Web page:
We field a lot of enquiries from people inside (and outside) Australia regarding concerns over HIV being an obstacle for migration to Australia.
Australia’s migration system is very complex and it is recommended that an individual seeks migration advice before applying for a visa.
All Australian visas are subject to health criteria. Due to the ‘health criteria’ mandated by the Australian Department of Immigration and Border Protection (DIBP) PLHIV aren’t always able to obtain a visa. The health criterion states (amongst other things) that an applicant must not have a condition that would likely be to pose a significant cost to the Australian Community. The Department find that in most cases, HIV does pose a significant cost.
That is not the end of the story, whether HIV will affect a visa application depends on a number of factors which include; the length of a visa and whether the visa has a health waiver available. What we mean by ‘health waiver’ is that some visas allow for a waiver (or exemption) from the health criteria.
This is not to say that positive migration is impossible, that most certainly is not the case, but living with HIV does make it trickier.
However, for some visa classes, there isn’t an option to have the health criteria waived.
The premier resource for positive migration is undoubtedly the HIV/AIDS Legal Centre’s Positive Migration Guide. The information above has been taken from this guide.
Another fantastic resource is the Australian Federation of AIDS Organisation’s infographic on the health requirement.
Are you looking to migrate to Australia? Here are QPP’s top 3 tips:
- Seek qualified migration advice
Credible advice should only be given by a migration agent or migration solicitor. Every qualified migration agent/solicitor has to be registered with the Australian Migration Agents Registration Authority (MARA).
The MARA website allows you to search for agents in your area or to double check if your migration agent is registered.
The Office also has some great tips on choosing and finding an agent. It also includes rough estimates of fees you should expect.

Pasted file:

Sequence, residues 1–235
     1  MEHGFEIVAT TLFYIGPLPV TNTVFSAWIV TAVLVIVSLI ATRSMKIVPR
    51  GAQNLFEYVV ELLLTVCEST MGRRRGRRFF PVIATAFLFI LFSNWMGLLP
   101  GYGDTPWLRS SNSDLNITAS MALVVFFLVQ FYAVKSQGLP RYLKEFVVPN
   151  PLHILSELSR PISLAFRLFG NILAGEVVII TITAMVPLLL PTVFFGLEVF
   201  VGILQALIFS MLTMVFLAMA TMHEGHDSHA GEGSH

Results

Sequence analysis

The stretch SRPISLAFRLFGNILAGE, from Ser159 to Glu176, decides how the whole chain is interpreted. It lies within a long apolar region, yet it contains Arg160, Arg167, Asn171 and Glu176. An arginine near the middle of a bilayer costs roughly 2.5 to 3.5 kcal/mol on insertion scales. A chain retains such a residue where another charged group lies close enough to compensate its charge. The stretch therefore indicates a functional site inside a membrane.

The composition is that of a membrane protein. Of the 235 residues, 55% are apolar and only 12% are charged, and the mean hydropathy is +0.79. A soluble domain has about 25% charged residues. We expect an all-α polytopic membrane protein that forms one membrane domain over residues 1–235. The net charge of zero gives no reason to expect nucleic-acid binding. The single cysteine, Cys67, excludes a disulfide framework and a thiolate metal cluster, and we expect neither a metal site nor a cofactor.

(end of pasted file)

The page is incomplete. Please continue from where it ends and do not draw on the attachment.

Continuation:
- Have a support network
The value of having a support network around you while navigating the process cannot be underestimated. This may include (but should not be limited to) family and friends or even a partner.
However, alongside this support, your local community organisation and Australian clinician are going to be invaluable to you throughout the process. Your clinician will need to provide a report to the DIPB and your community organisation (like QPP) can help link you to other services and supports and in some cases provide supporting documentation and letters to the Department.
- Consider all of the costs involved
These not only include financial costs, but also emotional and psychological. The migration process (from application to visa denial or grant) can often take years. Being in ‘migration limbo’ and living in a state of uncertainty is often overlooked by applicants.
Obtaining migration advice can be costly, however sometimes and you can obtain advice for free from a community legal centre or on a pro-bono basis. Whether you are able to receive cost reduced advice depends on provider, often there is an eligibility basis or waiting period.
Don’t know where to start? Feeling overwhelmed at the process? You’re not alone. Contact QPP and arrange to have a conversation with our support staff by phoning 07 3013 5555/Toll free 1800 636 241 or emailing email@example.com.
 The corresponding article outlining the need for reform is also a valuable read.
 ‘Pro-bono’ refers to professional work undertaken voluntarily and without payment or at a reduced fee as a public service or for the public good or in the public interest.